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The Case for Green Consumer Taxes

Summary:
As the world looks to recover from the COVID-19 pandemic and tackle climate change, progressive consumer taxes on resource-intensive goods could help. Such taxes would fall on the rich more than the poor, and the proceeds could support jobs and investments that would leave the planet better off. LONDON – Many governments, aiming to foster a green and inclusive post-pandemic recovery, have embraced the slogan “Build Back Better.” So far, policymakers have focused on increasing public spending in ways that address climate and environmental challenges while also creating jobs for the disadvantaged. But fiscal conservatives worry that the rising tide of red ink will drown economies in debt and lead to a financial-market backlash.

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As the world looks to recover from the COVID-19 pandemic and tackle climate change, progressive consumer taxes on resource-intensive goods could help. Such taxes would fall on the rich more than the poor, and the proceeds could support jobs and investments that would leave the planet better off.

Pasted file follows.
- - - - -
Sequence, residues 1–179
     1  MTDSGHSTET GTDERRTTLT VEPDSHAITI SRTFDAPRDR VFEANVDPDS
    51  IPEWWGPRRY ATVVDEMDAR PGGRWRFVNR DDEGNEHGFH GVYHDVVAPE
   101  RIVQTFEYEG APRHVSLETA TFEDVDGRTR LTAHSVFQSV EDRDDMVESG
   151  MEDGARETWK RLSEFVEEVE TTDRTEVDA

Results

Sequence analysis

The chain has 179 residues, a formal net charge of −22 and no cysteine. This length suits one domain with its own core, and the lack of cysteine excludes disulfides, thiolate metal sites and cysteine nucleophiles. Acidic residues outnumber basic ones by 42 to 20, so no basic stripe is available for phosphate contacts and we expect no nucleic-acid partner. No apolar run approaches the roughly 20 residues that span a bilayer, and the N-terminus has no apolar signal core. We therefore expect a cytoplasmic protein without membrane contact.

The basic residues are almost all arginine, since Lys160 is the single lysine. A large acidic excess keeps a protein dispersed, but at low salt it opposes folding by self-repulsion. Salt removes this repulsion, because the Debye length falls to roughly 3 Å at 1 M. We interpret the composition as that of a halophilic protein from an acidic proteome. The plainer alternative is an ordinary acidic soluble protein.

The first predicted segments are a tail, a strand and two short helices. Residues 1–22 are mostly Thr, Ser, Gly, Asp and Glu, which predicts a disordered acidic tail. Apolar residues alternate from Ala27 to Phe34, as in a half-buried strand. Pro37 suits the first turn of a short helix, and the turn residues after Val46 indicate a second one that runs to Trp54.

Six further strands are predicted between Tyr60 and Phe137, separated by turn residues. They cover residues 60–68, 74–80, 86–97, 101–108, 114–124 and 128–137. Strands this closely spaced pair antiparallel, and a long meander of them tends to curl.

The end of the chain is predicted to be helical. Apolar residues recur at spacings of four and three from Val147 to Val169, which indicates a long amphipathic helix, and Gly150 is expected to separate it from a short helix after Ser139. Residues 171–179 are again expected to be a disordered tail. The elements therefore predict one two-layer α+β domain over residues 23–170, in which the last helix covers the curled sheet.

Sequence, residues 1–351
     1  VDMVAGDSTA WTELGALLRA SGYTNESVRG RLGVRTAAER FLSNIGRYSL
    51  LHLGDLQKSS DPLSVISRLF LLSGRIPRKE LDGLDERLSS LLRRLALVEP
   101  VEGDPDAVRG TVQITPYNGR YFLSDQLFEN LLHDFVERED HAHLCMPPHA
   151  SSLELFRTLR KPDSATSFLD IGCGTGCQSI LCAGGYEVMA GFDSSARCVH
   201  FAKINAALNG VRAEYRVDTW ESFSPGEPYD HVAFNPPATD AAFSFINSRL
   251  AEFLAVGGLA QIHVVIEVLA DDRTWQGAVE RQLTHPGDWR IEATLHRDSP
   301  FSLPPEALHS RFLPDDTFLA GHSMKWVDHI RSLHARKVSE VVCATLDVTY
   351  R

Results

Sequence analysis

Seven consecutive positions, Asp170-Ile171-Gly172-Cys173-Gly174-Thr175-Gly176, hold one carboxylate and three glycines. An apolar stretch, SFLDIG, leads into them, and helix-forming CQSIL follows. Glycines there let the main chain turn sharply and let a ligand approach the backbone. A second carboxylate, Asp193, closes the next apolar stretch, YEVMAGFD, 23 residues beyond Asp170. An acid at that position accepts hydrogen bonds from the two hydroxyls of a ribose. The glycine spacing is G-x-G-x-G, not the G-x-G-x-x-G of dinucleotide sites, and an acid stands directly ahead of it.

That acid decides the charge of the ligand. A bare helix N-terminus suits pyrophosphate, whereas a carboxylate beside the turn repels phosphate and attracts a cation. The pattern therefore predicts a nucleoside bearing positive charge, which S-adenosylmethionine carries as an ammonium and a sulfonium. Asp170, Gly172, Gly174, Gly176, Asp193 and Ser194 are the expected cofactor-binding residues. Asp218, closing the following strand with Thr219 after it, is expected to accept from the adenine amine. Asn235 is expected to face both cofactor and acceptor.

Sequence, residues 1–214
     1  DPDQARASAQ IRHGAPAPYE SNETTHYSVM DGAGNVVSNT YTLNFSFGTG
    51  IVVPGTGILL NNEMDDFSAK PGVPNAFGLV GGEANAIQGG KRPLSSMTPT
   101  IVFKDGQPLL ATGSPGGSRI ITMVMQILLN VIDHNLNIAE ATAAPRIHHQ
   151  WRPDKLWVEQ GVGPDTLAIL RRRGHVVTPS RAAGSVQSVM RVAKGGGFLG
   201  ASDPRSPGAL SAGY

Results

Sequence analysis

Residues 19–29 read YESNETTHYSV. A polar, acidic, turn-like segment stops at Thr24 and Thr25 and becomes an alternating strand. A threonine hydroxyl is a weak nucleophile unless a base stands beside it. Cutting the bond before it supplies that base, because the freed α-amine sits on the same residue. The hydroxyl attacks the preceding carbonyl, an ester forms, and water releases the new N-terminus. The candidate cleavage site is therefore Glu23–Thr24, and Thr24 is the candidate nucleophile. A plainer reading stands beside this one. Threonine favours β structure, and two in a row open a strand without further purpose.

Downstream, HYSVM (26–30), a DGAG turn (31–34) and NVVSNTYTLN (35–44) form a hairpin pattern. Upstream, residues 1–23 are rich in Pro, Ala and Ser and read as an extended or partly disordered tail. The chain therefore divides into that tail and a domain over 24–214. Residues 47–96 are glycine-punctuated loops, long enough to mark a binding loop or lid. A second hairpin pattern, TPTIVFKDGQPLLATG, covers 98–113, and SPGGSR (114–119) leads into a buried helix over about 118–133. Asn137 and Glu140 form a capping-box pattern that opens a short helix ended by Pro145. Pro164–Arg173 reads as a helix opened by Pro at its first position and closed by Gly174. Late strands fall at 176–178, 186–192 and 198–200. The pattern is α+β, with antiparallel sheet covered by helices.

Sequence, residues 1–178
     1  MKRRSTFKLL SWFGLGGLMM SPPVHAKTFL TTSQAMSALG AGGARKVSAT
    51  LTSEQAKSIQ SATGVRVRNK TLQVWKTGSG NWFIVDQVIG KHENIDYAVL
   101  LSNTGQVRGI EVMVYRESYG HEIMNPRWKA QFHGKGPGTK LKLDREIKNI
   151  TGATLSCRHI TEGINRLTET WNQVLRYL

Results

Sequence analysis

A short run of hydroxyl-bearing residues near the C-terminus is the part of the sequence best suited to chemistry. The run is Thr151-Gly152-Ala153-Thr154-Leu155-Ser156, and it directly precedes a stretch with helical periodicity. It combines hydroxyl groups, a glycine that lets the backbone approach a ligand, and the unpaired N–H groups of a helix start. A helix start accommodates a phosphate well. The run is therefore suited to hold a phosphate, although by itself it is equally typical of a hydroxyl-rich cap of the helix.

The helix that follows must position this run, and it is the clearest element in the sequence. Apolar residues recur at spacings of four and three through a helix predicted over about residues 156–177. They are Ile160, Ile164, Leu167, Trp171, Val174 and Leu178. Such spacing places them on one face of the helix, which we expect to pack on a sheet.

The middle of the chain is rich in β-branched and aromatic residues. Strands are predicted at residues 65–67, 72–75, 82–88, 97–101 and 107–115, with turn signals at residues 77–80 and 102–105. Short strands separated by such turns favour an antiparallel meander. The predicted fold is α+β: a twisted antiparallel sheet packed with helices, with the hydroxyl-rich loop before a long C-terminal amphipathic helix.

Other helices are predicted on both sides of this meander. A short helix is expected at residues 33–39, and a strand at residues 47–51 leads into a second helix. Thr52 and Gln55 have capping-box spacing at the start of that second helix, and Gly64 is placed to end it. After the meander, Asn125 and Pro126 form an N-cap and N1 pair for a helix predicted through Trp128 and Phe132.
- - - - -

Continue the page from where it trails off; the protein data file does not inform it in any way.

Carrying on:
LONDON – Many governments, aiming to foster a green and inclusive post-pandemic recovery, have embraced the slogan “Build Back Better.” So far, policymakers have focused on increasing public spending in ways that address climate and environmental challenges while also creating jobs for the disadvantaged. But fiscal conservatives worry that the rising tide of red ink will drown economies in debt and lead to a financial-market backlash.

With the pandemic not yet over, politicians are unsurprisingly loath to dampen spirits further with talk of tax increases. But the socially sustainable shift that they profess to seek will require revenue reforms.

For now, the current tax debate is more about the mix of taxes than their level. It’s about smarter rather than higher taxes. The key here is to shift from taxing labor to taxing the use of resources. Policymakers should therefore consider introducing progressive consumer taxes on resource-intensive goods.

This is not a new idea. Economists have long argued that funding income-tax cuts by hiking taxes on resource usage and environmental harms would be more efficient and equitable. Such taxes would address the market’s failure to penalize polluters for the costs they inflict on society.

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